Anyway, Plummer was, by and large, a very effective QB in a Broncos uniform. He was universally liked and respected by his teammates, he always played hard and he won an awful lot of games. I thought the calls for his job early last season were preposterous—this was a team that had just hosted the AFC Championship and you want to hand it over to a rookie? In the end, Shanahan benched Jake and played Cutler at the appropriate time. Even though the switch probably cost the team a playoff spot, the Broncos are much better off with Cutler having that sliver of experience.

Cutler's progression is, of course, the story of the season. If he's lousy, good night. If he limits turnovers, converts a few third downs and keeps learning, they could be very good. And if he takes a big step up toward the elite of the QB position, this team has a shot at the Super Bowl.

I'm optimistic about Cutler, he looks like he has "it," that quality that can make a QB a winner. But he's not there yet, whereas Jake Plummer was most certainly a winner (if not a great stats QB) in Denver. Cutler is already better from a technical standpoint than his predecessor, but we'll see if he can transfer that into W's.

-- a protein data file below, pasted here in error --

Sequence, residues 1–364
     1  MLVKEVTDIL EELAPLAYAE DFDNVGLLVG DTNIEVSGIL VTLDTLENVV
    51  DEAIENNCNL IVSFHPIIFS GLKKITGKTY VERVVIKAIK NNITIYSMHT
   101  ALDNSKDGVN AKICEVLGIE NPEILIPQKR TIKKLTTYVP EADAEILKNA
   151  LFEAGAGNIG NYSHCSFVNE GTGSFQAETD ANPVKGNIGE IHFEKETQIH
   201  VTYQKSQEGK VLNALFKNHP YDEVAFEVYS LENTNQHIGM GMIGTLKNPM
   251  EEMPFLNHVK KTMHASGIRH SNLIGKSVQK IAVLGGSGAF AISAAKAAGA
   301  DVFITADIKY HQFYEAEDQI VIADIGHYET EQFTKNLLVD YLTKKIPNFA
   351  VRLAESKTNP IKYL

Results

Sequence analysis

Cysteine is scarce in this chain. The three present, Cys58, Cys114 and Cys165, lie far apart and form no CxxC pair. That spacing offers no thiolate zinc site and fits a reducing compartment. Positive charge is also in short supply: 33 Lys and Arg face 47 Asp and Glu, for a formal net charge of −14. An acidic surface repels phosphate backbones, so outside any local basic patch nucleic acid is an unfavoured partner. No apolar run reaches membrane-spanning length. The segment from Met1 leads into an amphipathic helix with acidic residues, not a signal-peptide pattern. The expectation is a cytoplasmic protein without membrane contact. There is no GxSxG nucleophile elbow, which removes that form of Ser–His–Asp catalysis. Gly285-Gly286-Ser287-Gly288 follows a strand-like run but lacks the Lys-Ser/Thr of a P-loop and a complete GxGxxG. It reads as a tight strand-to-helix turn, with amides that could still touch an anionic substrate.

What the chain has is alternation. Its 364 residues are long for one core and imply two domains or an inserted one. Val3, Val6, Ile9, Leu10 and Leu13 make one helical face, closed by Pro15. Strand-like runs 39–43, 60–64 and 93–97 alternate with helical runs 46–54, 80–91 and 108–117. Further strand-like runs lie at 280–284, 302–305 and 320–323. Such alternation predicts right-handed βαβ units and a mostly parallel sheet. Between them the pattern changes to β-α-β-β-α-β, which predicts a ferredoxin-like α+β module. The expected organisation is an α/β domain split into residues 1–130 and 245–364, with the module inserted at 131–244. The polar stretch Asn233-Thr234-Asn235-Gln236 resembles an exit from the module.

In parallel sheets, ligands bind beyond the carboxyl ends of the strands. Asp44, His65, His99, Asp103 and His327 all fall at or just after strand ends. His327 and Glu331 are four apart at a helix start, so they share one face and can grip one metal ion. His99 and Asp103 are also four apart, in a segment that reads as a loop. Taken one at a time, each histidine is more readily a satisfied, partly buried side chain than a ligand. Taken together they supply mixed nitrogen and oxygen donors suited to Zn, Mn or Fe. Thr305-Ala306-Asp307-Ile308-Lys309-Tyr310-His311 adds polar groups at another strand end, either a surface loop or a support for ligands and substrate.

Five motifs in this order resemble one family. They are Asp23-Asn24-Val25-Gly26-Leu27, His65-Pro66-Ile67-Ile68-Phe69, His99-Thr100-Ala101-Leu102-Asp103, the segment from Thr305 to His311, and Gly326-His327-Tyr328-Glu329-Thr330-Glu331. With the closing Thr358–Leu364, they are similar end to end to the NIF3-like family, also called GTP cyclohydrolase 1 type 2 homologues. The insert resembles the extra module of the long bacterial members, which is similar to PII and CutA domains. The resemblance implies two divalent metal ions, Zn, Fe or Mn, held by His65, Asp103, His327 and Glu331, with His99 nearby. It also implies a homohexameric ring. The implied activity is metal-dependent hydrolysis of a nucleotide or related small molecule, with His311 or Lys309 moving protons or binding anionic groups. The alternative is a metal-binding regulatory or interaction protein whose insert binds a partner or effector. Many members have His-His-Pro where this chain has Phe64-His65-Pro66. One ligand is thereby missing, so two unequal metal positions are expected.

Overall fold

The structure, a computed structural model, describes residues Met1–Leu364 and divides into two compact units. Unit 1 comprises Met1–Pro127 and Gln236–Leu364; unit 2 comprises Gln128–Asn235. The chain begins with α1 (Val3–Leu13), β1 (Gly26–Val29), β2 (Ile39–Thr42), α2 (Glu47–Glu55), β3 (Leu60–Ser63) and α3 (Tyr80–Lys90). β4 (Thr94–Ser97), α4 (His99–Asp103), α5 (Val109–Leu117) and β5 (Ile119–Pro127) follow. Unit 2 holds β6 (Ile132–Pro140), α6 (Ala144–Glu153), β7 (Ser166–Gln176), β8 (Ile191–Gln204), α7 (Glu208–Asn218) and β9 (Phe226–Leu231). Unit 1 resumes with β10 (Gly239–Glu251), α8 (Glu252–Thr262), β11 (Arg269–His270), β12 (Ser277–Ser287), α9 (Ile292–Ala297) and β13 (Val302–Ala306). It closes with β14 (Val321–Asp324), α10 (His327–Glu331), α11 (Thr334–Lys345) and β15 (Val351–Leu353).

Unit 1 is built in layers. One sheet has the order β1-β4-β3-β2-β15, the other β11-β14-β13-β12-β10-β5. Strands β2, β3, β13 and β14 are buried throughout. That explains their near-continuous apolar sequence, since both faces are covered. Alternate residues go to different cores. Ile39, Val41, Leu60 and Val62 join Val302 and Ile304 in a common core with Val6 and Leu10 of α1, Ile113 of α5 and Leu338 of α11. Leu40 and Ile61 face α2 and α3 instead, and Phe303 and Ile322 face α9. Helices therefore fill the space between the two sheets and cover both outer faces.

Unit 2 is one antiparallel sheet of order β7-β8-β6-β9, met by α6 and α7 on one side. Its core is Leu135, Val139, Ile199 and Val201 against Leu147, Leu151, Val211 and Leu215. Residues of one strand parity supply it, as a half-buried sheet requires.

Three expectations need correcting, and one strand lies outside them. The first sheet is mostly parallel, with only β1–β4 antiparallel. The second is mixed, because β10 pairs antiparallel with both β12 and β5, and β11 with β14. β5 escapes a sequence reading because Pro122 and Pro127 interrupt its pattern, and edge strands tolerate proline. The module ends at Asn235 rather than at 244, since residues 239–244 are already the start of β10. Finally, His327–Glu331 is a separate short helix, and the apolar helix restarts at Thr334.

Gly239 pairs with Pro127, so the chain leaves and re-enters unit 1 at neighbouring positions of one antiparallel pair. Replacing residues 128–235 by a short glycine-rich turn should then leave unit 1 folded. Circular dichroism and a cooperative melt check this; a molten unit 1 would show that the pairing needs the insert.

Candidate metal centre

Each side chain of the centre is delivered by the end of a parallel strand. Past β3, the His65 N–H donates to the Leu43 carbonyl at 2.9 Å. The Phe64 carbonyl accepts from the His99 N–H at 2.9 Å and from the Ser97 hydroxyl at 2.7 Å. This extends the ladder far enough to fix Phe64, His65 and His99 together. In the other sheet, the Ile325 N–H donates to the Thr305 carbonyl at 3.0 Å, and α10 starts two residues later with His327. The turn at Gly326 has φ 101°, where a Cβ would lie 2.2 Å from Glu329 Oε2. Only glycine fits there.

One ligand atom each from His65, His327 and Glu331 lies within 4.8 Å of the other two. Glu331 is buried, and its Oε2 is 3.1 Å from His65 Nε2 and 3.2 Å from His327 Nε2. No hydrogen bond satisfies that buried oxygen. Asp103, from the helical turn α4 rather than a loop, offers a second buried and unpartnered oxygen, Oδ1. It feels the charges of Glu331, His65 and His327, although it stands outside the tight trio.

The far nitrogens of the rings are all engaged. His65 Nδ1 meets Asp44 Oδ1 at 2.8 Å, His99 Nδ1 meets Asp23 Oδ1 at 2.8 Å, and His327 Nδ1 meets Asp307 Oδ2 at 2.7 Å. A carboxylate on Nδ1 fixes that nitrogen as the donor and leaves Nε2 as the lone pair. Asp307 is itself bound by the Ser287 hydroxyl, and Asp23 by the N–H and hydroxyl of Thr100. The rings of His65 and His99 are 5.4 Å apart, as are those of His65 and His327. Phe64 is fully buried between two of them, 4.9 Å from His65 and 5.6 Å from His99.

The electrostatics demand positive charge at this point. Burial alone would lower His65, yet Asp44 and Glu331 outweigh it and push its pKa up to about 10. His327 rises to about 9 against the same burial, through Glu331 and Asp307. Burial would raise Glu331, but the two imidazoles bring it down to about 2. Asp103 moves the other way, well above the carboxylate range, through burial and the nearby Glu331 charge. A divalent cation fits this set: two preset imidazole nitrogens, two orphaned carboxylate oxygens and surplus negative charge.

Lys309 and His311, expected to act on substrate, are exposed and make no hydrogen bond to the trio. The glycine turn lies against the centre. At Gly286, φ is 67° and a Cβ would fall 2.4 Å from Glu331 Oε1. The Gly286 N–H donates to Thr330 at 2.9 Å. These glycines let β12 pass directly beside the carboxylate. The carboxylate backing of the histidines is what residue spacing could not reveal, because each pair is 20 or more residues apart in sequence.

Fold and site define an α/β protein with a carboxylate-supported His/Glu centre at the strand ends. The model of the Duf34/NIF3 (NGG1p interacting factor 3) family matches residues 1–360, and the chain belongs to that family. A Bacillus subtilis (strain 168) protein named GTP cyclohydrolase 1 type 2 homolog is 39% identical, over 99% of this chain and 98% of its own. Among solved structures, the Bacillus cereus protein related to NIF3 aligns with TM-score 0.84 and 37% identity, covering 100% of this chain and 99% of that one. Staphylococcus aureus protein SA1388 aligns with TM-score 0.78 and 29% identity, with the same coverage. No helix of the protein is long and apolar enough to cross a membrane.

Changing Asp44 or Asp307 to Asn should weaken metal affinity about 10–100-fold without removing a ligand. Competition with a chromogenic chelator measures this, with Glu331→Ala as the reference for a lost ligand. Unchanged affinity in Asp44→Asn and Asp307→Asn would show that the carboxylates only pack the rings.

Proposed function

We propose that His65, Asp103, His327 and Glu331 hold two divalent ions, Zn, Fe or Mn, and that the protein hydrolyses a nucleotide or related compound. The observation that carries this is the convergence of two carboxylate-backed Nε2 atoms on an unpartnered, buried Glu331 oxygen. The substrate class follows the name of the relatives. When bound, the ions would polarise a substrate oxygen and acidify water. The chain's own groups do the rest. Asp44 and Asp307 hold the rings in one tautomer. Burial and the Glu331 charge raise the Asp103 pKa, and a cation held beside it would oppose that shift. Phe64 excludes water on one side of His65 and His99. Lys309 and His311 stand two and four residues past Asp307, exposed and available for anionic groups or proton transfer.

DG: Overall, how are you feeling about the team's prospects this year? Are they going to give the Chargers a run for the division?

7: Again, if Cutler can advance as a player, they shouldn't be any worse than last year's 9-7 team. They have a ton of talent and a coach who knows what he's doing. There is a huge amount of uncertainty in many areas, but it's mostly a veteran team that should be able to handle a bit of adversity.

That said, our only shot at unseating San Diego as the division's best team is a freak occurrence, such as LT blowing out a knee, a massive earthquake or Norv Turner singlehandedly wrecking another team. I think San Diego will win the Super Bowl. Norv will eventually wreck that club, but not this year.

DG: What do you think about the additions of Brandon Stokley, Daniel Graham and Travis Henry to the offense? Is Brandon Marshall a legit No. 2 receiver?

7: Stokley, provided his Achilles' is fully healed, is a good addition. He's clearly better suited to the No. 3/slot role, but I'm afraid he'll be needed as a starter eventually.

Dan Graham is, mark my words, going to be one of the most important free agent acquisitions in the NFL. He's the best blocking tight end in the game, and the Broncos' O-line has been deteriorating over the past several seasons. Graham alone will add 300 yards to the running attack this season.

Furthermore, Graham's addition will allow Shanahan to pair him in two-TE formations with Tony Scheffler, which give Coach maximum offensive balance and flexibility. Scheffler's downfield speed and Graham's sure hands create multiple options in the passing game, while a devastating seven-man line will crush opposing run defenses.